It is 2016 and therefore Facebook started its Facebook Hacker Cup 2016. It has some challenging exercises which you need to solve in a few hours. But you also need to write efficient code. If you don’t do that, you will not have enough time to solve an exercise and points will be lost. In this article, I will highlight the “High Security” exercise in the Facebook Hacker Cup qualification round. I will first give the problem description which was posted on Facebook and then tell how I tackled the problem.
A top-secret algorithmic research facility has decided to up its security by hiring guards to keep watch over the premises. After all, they don’t want anyone sneaking in and learning the answers to questions such as “does P = NP?” and “what are the solutions to the 2016 Facebook Hacker Cup problems?”.
When viewed from above, the facility can be modeled as a grid G with 2 rows and N columns. The jth cell in the ith row is either empty (represented by Gi,j = “.”) or occupied by a building (Gi,j = “X”), and the grid includes at least one empty cell.
Guards may be potentially stationed in any of the empty cells. A guard can see not only their own cell, but also all contiguous empty cells in each of the 4 compass directions (up, down, left, and right) until the edge of the grid or a building. For example, in the grid below, the guard (“G”) can see every cell marked with an asterisk (“*”):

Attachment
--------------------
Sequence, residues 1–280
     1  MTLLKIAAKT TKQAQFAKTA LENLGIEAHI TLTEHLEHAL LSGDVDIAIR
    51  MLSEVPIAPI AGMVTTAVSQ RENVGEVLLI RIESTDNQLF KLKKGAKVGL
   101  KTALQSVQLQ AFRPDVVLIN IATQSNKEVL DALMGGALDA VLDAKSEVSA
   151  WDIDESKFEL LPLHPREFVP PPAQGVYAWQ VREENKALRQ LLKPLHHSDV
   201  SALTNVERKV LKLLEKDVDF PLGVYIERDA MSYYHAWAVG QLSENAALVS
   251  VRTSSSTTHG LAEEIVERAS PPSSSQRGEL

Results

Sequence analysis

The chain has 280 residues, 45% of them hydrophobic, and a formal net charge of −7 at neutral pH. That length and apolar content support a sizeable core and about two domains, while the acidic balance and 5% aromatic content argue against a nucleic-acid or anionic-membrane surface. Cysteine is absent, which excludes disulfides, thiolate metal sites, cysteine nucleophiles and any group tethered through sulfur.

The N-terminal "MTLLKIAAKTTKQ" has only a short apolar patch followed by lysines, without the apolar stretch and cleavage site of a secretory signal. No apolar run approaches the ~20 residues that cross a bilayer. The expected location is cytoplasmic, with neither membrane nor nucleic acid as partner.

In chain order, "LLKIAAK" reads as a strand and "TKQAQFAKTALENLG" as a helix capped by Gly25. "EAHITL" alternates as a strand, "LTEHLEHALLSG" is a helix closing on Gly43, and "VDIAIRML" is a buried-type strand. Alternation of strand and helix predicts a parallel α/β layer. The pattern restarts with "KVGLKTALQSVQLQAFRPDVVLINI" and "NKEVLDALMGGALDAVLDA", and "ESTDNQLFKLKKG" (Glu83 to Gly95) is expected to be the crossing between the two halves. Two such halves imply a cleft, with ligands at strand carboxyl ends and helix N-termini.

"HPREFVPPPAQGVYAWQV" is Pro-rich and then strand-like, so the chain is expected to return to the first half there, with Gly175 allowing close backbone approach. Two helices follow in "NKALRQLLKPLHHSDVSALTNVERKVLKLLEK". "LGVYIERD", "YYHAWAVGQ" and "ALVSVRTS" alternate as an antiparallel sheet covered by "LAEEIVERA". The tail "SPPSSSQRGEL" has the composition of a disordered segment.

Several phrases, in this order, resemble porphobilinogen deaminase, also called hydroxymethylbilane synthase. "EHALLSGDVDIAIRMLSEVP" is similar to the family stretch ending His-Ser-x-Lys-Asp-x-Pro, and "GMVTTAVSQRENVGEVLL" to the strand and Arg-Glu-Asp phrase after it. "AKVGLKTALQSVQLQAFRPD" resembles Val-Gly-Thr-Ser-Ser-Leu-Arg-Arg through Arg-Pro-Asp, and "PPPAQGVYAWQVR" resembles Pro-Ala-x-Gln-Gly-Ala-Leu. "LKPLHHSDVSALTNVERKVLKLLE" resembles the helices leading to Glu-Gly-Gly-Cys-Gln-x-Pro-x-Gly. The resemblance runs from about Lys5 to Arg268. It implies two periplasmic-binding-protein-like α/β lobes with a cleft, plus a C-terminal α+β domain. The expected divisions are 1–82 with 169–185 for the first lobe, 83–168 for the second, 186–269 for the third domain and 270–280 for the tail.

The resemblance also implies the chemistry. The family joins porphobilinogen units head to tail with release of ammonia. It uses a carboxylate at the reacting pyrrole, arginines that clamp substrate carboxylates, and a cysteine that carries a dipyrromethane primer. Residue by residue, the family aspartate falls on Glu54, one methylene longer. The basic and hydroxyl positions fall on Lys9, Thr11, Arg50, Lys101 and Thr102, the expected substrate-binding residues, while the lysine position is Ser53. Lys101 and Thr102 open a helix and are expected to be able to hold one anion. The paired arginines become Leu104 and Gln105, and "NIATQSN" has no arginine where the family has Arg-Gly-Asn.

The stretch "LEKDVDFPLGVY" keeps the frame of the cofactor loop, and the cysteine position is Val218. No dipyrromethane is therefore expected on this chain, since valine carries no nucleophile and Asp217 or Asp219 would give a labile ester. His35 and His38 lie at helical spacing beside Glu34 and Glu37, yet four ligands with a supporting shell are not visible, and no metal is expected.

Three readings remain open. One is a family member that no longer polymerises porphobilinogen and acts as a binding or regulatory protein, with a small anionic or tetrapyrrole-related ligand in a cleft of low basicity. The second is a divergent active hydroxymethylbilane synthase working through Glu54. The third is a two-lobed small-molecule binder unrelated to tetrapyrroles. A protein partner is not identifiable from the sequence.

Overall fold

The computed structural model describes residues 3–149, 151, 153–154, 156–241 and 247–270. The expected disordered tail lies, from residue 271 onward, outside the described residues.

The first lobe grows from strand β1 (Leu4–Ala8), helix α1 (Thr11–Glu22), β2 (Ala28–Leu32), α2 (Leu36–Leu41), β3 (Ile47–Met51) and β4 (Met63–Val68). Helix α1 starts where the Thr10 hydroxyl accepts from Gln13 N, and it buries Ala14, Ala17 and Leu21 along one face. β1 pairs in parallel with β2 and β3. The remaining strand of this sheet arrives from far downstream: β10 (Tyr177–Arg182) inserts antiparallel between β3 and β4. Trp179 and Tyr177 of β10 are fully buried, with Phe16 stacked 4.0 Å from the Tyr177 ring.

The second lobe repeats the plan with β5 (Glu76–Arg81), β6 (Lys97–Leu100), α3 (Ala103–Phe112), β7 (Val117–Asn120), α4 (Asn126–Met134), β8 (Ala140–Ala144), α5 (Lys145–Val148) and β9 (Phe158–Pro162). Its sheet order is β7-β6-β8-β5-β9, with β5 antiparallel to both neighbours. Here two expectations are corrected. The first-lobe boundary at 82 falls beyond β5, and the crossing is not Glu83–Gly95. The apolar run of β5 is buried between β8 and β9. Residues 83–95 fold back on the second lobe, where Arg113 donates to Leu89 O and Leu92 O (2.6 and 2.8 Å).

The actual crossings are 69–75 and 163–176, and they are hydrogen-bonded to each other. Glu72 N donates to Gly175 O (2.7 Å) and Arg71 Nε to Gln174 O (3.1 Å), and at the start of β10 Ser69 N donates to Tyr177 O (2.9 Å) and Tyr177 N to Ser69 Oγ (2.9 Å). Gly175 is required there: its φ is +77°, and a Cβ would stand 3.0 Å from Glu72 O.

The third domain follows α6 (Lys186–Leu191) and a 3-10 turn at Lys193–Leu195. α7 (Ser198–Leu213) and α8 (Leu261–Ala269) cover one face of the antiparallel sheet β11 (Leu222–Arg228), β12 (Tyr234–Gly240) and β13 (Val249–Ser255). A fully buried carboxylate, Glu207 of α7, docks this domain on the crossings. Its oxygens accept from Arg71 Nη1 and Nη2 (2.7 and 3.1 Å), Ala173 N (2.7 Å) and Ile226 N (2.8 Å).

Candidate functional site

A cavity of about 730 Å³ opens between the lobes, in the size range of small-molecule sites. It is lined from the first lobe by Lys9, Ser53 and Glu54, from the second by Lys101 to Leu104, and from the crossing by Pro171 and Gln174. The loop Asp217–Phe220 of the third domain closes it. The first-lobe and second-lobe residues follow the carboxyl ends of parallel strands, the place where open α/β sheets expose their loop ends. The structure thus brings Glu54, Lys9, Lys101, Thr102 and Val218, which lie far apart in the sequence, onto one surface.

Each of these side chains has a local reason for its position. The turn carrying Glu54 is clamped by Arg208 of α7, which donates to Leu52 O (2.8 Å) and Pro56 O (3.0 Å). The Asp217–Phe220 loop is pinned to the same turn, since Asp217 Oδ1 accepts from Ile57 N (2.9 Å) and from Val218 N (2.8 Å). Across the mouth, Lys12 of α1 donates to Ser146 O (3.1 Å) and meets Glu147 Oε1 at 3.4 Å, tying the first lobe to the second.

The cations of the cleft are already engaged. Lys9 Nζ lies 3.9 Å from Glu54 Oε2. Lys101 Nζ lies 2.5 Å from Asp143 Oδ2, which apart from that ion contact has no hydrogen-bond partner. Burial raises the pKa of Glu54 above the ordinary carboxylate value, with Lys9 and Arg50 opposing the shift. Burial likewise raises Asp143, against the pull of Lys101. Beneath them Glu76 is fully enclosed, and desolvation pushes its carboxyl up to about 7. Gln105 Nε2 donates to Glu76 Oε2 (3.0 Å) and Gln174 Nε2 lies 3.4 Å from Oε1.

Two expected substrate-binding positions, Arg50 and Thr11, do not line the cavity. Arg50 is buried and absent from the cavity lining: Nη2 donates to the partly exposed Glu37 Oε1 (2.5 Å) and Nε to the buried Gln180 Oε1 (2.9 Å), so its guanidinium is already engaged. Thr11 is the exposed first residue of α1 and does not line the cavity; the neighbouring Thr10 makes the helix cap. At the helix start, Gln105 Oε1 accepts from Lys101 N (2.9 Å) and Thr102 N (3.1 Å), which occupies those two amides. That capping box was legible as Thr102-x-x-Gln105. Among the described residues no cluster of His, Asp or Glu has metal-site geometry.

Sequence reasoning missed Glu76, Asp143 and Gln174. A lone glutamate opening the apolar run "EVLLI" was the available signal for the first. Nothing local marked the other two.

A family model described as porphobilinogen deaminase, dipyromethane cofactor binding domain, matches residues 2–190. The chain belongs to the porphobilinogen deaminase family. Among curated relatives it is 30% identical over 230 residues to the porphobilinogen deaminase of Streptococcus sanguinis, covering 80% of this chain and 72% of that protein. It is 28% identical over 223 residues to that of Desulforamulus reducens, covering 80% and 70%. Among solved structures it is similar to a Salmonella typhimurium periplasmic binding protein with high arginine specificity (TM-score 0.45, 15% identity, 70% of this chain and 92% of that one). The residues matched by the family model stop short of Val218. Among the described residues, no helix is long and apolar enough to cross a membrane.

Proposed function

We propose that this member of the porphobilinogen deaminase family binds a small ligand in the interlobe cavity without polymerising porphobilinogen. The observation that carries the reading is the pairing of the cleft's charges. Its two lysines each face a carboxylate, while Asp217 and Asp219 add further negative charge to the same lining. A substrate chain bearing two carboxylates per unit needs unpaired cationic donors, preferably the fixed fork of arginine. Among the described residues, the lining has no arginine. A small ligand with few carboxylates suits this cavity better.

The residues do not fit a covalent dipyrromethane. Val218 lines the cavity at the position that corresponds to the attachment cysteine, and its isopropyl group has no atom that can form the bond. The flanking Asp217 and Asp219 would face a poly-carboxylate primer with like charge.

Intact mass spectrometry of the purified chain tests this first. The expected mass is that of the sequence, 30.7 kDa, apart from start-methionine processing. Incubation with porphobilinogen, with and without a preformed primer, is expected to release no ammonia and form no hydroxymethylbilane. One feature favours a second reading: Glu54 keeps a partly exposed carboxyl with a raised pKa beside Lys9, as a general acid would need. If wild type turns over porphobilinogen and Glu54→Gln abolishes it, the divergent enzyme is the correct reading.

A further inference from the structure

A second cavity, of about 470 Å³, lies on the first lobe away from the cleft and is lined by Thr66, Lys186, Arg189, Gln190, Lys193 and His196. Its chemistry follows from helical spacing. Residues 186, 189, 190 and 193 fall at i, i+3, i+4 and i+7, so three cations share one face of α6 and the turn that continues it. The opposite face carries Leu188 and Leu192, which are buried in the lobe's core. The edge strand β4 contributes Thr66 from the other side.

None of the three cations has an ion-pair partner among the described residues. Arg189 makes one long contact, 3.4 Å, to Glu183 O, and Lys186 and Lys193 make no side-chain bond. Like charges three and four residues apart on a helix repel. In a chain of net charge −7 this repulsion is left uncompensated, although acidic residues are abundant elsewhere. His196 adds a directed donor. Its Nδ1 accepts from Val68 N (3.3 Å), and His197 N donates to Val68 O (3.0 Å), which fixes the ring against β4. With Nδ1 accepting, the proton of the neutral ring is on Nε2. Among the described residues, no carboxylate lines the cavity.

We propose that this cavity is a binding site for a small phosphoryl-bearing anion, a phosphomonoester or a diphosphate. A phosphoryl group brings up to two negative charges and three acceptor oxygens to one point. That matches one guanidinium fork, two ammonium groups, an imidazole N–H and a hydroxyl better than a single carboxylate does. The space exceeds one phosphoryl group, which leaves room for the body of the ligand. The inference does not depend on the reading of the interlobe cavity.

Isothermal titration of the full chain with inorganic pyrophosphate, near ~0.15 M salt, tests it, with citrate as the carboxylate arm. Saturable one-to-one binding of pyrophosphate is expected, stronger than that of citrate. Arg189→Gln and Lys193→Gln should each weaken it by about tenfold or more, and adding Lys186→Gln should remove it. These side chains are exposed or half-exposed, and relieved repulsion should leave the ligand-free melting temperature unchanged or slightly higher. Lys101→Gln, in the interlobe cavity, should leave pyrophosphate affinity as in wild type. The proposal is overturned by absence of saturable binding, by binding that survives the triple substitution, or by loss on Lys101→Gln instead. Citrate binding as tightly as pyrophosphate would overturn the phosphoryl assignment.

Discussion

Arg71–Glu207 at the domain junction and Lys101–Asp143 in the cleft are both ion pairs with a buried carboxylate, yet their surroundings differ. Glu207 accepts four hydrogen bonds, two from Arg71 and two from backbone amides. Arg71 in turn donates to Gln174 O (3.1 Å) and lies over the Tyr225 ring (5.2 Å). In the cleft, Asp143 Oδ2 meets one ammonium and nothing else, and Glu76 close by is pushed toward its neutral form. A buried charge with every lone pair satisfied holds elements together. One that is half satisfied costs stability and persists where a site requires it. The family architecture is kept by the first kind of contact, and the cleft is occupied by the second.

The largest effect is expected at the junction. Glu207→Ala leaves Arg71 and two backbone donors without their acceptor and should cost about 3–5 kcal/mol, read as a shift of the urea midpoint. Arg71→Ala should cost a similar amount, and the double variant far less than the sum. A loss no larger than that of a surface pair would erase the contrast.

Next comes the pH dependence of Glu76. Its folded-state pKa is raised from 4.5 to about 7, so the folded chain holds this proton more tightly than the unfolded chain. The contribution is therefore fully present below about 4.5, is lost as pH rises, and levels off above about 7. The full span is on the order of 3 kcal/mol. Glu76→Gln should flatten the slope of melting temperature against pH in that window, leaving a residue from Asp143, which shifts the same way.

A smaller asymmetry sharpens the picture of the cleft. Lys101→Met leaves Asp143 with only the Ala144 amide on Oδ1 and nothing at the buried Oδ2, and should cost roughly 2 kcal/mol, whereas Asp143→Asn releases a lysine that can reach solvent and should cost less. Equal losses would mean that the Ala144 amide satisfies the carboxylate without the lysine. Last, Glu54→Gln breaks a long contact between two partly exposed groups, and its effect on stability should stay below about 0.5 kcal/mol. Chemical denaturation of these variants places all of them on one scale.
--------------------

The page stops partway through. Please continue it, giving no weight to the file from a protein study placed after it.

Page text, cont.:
What is the minimum number of guards required such that every empty cell in the grid can be seen by at least one of them?
Input begins with an integer T, the number of facilities that need guarding. For each facility, there is first a line containing the integer N. The next line contains the grid cells G1,1 to G1,N in order. The third line contains the grid cells G2,1 to G2,N in order.
For the ith facility, print a line containing “Case #i: ” followed by the number of guards required to guard the facility.
1 ≤ T ≤ 200
1 ≤ N ≤ 1,000
I few years ago, I started with the course “Algorithms” on the TU/e (Eindhoven University of Technology). Without this course, I could not find the answer to this question.
Lets define a segment. A segment is sequence of characters in a row that is “free”; it contains no guards and no sights of guards and also no buildings. First notice that there are many segments in which we can place a guard. What is the most greedy choice to place a guard? If I would place a guard insight the segment, then the whole segment is filled with the guard and its sight. I can get one other segment for free if I place the guard such that its adjacent cell is also a segment.
I started by finding the smallest segment in Python and then place a guard opposite to that segment. I could later proof that this implementation ran in $latex O(n)$ time where $latex n$ is the number of cells in the grid.
I handed in my solution and it was accepted by Facebook and gave me access to the first round. Saddly, I could join the first round since I had no time on the date of the first round. If you followed any algorithms related course, this cup is highly recommended and it is returning every year.